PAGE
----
Close this search box.

Review: THC Detection In Bodily Fluids Not Correlated With Impairment

“Lawmakers would be advised to consider alternative legislative approaches to address concerns over DUI cannabis behavior.”

Neither the detection of THC nor its metabolites in blood, breath, urine, or saliva is predictive of behavioral impairment, according to a literature review published in the Journal of AOAC (the Association of Official Analytical Chemists) International.

Researchers affiliated with the University of California at Davis affirmed that there is “no direct relationship between impairment and THC concentrations” in subjects’ bodily fluids – a finding that is consistent with the opinions of numerous traffic safety groups, including the National Highway Traffic Safety Administration and the American Automobile Association.

The investigators further acknowledged, “Current methods that focus on THC and/or metabolite concentrations in blood, saliva, urine, or exhaled breath can lead to false-positive results for recent use due to the persistence of THC well outside of the typical 3-4-hour window of potential impairment following cannabis inhalation.”

Consequently, the study’s authors determined that per se traffic safety laws adopted in several states that criminalize drivers who test positive for trace levels of THC in their blood are “not supported by science,” and that they risk “wrongly accusing” motorists who are neither impaired nor have recently consumed cannabis.

Five states – Illinois, Montana, Ohio, Pennsylvania, and Washington – impose various per se limits for the detection of trace amounts of THC in blood while ten states (Arizona, Delaware, Georgia, Indiana, Iowa, Michigan, Oklahoma, Rhode Island, Utah, and Wisconsin) impose zero tolerant per se standards. In these states, it is a traffic safety violation to operate a vehicle with detectable levels of THC in blood – even absent any demonstrable evidence of psychomotor impairment.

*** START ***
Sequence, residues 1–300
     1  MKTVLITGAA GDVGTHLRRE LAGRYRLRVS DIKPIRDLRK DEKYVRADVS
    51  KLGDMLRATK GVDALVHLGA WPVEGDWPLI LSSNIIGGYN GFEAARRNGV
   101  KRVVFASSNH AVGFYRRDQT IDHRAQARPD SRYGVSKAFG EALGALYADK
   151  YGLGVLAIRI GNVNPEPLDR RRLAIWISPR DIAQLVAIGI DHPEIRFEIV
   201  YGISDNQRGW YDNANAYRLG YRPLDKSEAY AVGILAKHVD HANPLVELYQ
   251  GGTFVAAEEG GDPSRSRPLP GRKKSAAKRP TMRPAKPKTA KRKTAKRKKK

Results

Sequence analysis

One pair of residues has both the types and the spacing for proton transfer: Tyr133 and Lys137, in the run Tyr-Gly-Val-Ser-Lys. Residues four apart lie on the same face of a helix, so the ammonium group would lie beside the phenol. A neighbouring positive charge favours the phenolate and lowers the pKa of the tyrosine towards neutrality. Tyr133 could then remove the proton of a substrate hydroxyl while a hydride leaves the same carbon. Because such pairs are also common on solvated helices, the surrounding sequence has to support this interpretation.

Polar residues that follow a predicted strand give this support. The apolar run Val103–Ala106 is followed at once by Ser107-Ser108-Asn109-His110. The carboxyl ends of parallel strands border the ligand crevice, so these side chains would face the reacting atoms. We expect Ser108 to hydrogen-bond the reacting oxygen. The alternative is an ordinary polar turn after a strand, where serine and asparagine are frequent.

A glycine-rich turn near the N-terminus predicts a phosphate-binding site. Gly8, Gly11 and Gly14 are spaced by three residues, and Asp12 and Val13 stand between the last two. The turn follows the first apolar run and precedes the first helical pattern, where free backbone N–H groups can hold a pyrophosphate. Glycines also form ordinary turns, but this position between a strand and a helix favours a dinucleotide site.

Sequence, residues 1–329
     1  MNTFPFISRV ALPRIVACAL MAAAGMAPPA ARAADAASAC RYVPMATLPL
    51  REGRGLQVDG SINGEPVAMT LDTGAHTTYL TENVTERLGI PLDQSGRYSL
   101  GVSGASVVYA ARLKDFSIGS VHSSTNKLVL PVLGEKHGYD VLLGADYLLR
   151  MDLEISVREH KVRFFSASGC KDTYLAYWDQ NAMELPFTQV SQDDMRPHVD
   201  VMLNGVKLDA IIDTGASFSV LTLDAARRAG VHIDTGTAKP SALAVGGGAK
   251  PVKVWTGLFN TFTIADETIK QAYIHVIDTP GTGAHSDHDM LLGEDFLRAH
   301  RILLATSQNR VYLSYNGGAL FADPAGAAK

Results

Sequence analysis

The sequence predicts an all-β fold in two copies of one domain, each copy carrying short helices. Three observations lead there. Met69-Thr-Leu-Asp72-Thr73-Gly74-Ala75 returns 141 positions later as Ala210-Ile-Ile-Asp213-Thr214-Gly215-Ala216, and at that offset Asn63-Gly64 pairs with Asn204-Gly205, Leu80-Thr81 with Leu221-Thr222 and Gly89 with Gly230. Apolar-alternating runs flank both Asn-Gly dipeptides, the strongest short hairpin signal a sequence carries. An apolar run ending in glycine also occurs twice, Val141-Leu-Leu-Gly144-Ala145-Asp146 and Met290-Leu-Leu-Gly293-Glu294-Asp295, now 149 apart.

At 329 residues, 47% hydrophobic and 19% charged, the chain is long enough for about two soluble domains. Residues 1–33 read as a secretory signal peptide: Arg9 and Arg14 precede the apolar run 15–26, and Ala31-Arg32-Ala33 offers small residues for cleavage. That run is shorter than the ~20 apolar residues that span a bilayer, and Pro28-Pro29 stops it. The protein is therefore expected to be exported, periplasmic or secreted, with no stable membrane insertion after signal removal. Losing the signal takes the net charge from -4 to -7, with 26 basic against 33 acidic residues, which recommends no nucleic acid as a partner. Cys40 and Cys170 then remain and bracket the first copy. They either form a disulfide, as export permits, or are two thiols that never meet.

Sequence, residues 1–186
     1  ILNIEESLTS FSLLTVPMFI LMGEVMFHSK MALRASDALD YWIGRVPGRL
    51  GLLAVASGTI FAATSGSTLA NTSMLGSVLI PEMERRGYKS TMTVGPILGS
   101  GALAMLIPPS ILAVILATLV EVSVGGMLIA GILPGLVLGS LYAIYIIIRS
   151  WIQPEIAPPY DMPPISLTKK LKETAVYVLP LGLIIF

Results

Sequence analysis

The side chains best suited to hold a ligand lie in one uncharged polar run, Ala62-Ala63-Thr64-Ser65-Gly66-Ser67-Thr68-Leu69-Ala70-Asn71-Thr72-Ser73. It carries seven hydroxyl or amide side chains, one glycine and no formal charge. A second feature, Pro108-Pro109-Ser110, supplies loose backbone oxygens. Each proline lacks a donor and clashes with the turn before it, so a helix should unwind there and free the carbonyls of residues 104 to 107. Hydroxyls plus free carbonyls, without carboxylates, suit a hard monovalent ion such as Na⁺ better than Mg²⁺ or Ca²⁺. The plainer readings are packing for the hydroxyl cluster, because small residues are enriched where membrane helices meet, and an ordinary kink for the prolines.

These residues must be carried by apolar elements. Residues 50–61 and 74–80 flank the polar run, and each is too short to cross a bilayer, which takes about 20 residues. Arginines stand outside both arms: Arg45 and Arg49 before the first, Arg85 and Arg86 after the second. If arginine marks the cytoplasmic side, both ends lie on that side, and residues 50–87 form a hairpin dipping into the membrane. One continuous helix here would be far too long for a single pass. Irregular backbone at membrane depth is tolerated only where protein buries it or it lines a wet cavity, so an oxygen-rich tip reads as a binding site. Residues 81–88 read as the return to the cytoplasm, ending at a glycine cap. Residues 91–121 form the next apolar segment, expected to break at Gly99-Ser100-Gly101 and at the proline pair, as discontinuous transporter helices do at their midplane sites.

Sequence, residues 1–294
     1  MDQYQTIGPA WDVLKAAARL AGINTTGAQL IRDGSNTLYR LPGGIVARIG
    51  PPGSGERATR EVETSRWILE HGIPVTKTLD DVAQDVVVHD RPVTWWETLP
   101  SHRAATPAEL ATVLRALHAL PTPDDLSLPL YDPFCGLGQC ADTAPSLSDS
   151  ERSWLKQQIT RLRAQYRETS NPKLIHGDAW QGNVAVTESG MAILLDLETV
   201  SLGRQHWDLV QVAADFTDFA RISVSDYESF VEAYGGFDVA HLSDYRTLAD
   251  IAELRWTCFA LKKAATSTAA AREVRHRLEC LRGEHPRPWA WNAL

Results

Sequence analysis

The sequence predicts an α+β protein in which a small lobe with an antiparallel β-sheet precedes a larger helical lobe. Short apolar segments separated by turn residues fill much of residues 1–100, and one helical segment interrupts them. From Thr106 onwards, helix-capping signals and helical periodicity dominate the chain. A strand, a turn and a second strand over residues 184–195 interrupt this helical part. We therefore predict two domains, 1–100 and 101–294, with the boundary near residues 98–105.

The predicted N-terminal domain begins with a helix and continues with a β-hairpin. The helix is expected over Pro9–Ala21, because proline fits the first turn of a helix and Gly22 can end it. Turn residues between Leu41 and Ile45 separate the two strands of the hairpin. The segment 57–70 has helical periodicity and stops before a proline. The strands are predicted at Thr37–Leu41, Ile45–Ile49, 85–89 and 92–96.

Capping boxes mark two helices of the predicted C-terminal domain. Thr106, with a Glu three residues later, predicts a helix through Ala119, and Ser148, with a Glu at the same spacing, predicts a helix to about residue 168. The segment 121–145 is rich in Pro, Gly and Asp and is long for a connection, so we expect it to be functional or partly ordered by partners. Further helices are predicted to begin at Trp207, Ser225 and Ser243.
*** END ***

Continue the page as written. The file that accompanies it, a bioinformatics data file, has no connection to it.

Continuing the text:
NORML has long opposed the imposition of per se THC limits for motorists and has alternatively called for the expanded use of mobile performance technology like DRUID. In a peer-review paper published by the Humboldt Journal of Social Relations, NORML’s Deputy Director Paul Armentano wrote: “The sole presence of THC and/or its metabolites in blood, particularly at low levels, is an inconsistent and largely inappropriate indicator of psychomotor impairment in cannabis consuming subjects.

“Lawmakers would be advised to consider alternative legislative approaches to address concerns over DUI cannabis behavior that do not rely solely on the presence of THC or its metabolites in blood or urine as determinants of guilt in a court of law. Otherwise, the imposition of traffic safety laws may inadvertently become a criminal mechanism for law enforcement and prosecutors to punish those who have engaged in legally protected behavior and who have not posed any actionable traffic safety threat.”

This article was reprinted from NORML. Full text of the study, “Complexity of translating analytics to recent cannabis use and impairment,” appears in the Journal of AOAC International.Additional information is available from the NORML Fact Sheet, ‘Marijuana and Psychomotor Performance.’